Pollution Sources

industry icon

Industry

water treatment icon

Treatment Byproducts

Filtering Options

carbon filter icon

Activated Carbon

reverse osmosis icon

Reverse Osmosis

Thallium

Potential Effect: harm to internal organs5.7x EWG'S HEALTH GUIDELINE
THIS UTILITY0.567 ppb
EWG HEALTH GUIDELINE0.1 ppb
LEGAL LIMIT2 ppb
DETAILS
X

Thalium is a naturally occurring metal released into the environment from metal smelting and coal burning. Exposure to too much thalium can cause hair loss, liver damage, reduced sperm motility and nervous system impairment.

Thallium was found at 5.7 times above EWG's Health Guideline.

EWG Health Guideline

0.1 ppb or less

This Utility

0.567 ppb

Legal Limit

2 ppb

National Average

0.00649 ppb

State Average

0.00437 ppb
The state and national averages were calculated using the averages of the contaminant measurements for each utility in 2015-2017.
ppb = parts per billion

Health Risks

The EWG Health Guideline of 0.1 ppb for thallium was defined by the California Office of Environmental Health Hazard Assessment as a public health goal, the level of a drinking water contaminant that does not pose a significant health risk. This health guideline protects against harm to internal organs.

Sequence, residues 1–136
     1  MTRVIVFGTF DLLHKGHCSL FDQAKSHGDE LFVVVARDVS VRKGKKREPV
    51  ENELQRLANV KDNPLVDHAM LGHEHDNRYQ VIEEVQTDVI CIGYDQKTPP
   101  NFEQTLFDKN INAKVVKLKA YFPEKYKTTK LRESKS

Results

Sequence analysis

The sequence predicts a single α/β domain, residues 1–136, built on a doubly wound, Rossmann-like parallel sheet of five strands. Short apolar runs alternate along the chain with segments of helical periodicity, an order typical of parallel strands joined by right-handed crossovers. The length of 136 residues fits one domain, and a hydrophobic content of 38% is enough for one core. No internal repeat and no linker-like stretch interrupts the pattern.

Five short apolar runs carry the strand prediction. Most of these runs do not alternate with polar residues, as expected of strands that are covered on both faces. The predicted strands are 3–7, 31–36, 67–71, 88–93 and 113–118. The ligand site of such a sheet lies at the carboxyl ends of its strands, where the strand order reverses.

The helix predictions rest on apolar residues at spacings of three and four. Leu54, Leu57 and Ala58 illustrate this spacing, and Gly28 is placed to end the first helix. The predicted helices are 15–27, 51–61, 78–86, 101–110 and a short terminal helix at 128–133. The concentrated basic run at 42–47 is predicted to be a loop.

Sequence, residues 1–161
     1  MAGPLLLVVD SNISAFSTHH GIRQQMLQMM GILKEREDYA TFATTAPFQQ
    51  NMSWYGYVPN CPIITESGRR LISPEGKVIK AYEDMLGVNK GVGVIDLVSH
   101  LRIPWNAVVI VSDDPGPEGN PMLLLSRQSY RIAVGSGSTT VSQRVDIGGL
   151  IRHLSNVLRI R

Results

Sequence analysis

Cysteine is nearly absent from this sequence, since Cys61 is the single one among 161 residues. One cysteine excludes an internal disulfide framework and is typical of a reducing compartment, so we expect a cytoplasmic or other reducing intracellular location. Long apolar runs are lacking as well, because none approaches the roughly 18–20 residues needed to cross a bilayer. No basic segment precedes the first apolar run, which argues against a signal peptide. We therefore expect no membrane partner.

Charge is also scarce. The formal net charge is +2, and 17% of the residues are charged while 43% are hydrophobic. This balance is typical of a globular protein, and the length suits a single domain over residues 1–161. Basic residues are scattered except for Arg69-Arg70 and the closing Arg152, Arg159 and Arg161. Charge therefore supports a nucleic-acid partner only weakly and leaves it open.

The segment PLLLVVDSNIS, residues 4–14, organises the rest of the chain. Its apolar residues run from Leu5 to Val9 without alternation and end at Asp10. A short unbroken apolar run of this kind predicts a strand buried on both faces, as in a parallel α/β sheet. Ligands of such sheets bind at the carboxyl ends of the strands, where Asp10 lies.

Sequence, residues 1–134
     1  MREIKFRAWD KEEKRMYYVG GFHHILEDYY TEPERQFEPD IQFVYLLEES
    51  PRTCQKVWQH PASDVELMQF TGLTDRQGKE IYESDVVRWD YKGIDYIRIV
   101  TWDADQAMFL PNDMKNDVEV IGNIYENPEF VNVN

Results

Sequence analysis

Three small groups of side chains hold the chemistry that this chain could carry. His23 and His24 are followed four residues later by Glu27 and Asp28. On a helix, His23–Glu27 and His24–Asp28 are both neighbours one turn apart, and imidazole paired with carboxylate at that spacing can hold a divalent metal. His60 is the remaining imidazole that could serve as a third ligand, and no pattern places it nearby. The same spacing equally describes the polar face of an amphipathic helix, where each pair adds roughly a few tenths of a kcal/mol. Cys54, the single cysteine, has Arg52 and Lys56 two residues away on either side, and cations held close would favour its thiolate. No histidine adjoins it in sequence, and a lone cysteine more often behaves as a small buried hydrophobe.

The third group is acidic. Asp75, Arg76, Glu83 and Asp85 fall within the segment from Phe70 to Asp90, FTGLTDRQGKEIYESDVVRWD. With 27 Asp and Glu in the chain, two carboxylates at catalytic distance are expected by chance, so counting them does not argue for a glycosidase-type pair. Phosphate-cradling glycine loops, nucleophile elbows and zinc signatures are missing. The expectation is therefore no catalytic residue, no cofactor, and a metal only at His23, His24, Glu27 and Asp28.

Pollution Sources

industry icon

Industry

Filtering Options

reverse osmosis icon

Reverse Osmosis

ion exchange icon

Ion Exchange

Includes chemicals detected in 2015-2017 for which annual utility averages exceeded an EWG-selected health guideline established by a federal or state public health authority.


Other Contaminants Tested


Contaminants detected between 2012 and 2014 and were not part of EPA's UCMR-3 testing program or radiologicals:

Haloacetic acids (HAA5), Chloroform, Bromodichloromethane, Total trihalomethanes (TTHMs)

 

Chemicals tested for but not detected from 2012 to 2017: